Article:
Adam Hochschild on Spain’s court of memory

April 15, 2014
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José María Galante, one of the Spanish torture victims who brought his case to the Argentine judiciary. Photo Jorge París.

José María Galante, one of the Spanish torture victims who brought his case to the Argentine judiciary. Photo Jorge París.

“In most countries, there is no statute of limitations for murder. Should there be one for torture?” Adam Hochschild asks in a New York Times op-ed today;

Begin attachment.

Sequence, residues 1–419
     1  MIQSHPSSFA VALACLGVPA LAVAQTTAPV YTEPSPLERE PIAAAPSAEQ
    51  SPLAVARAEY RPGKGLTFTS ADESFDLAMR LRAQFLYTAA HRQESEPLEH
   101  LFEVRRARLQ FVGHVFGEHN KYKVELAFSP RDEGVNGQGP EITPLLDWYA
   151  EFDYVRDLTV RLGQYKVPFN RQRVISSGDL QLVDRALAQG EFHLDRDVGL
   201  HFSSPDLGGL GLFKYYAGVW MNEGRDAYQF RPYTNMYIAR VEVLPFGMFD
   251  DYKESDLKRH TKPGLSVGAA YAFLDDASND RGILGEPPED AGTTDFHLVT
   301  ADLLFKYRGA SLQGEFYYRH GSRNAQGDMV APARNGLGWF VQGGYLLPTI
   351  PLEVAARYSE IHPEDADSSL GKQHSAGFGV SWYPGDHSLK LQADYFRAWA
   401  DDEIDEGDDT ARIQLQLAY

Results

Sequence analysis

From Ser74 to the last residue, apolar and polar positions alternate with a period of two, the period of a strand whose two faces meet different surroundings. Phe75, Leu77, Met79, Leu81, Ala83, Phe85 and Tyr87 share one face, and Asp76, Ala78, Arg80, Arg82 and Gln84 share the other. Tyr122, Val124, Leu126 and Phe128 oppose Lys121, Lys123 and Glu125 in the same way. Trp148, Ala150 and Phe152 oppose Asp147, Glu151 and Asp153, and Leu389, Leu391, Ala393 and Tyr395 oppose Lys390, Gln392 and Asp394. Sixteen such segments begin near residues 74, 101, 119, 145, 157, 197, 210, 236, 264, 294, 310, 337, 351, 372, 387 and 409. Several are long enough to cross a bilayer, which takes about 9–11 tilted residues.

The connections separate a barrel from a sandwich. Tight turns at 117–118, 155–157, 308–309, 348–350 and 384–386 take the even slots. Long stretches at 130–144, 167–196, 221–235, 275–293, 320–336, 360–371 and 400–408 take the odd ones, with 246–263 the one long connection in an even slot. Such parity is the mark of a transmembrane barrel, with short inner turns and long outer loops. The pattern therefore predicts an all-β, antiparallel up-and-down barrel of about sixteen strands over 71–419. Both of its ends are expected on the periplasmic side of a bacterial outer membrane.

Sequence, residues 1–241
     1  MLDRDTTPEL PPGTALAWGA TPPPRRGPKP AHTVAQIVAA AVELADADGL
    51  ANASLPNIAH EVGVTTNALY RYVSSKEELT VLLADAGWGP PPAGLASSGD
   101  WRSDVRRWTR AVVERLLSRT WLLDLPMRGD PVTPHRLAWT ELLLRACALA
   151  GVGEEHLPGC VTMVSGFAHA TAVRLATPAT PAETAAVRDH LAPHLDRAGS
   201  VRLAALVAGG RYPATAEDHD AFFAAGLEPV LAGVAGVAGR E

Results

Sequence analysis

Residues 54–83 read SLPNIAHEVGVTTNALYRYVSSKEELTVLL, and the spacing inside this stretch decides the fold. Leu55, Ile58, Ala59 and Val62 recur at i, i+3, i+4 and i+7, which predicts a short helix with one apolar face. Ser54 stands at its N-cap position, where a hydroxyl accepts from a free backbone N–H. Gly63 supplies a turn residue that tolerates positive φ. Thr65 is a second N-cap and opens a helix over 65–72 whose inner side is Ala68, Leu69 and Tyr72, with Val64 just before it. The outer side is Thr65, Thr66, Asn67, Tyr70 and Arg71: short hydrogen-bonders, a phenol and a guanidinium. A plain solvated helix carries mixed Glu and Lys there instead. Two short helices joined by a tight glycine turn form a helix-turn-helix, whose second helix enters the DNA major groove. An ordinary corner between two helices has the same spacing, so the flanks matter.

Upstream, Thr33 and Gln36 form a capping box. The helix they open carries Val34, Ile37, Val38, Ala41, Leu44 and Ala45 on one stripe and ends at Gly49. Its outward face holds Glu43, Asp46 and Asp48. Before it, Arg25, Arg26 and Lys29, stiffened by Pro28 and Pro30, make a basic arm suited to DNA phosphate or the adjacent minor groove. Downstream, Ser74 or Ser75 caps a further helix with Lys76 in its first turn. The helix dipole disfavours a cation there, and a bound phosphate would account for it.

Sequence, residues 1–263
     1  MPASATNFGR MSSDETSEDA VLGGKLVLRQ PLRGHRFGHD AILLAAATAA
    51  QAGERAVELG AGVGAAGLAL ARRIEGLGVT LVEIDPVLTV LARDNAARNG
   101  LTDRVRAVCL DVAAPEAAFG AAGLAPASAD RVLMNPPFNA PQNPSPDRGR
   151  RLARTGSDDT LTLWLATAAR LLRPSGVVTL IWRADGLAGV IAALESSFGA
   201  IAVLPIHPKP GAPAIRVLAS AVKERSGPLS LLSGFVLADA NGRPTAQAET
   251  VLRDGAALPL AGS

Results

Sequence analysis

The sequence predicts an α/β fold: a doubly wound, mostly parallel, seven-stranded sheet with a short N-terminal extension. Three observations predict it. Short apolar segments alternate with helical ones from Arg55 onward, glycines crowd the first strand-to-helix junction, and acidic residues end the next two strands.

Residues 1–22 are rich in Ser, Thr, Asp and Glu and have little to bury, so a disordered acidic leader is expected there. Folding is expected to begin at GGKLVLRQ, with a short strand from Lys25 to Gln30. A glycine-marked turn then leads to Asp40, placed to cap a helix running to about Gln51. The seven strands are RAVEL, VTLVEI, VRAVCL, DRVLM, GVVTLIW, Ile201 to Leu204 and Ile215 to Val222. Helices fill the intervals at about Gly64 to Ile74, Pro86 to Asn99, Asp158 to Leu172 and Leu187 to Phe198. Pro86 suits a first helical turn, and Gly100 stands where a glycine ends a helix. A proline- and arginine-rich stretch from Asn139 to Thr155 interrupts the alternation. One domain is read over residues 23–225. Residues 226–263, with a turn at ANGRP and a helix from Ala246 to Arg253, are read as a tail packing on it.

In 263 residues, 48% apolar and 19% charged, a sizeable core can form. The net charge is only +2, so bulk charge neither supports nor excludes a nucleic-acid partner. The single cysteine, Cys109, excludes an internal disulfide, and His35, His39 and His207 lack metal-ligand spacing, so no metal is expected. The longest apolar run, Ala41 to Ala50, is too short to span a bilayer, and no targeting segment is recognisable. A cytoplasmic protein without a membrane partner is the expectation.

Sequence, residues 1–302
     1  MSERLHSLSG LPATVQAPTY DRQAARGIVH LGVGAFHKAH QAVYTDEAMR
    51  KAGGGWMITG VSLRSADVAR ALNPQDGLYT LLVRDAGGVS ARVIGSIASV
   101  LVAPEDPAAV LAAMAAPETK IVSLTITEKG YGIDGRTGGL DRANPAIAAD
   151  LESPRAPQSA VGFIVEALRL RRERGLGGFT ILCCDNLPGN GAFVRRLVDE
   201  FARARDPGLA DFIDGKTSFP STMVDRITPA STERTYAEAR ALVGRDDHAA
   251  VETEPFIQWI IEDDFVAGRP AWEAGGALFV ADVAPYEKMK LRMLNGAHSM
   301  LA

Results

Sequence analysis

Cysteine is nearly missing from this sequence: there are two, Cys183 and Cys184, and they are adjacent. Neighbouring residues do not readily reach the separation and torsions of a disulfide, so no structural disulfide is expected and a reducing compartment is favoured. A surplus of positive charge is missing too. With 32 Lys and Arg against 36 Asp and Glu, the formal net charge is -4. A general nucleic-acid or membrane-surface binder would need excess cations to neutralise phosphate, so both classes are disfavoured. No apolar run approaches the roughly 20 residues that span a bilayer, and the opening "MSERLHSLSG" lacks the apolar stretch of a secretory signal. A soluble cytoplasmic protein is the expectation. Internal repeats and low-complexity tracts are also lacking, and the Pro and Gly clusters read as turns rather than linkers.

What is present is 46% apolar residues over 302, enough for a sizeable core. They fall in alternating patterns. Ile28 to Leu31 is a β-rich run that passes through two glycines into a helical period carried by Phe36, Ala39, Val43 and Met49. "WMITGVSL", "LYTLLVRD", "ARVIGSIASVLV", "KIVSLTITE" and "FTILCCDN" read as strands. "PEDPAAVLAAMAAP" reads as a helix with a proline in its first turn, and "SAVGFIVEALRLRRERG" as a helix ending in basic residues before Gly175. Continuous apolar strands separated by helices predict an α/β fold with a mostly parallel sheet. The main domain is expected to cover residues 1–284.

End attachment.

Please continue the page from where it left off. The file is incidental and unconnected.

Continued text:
In Spain, neither charge can be brought against anyone who worked for the harsh, long-lasting regime of Francisco Franco, because of an amnesty law that eased the country’s transition to democracy after the dictator’s death in 1975. But the case of Antonio González Pacheco, a notorious torturer from the last years of Franco’s military rule, is raising thorny questions. A former prisoner named José María Galante was startled last year to discover that Mr. Pacheco, alive and spry enough at 67 to be a long-distance runner, was living not far from him in Madrid.

Read the whole piece here.

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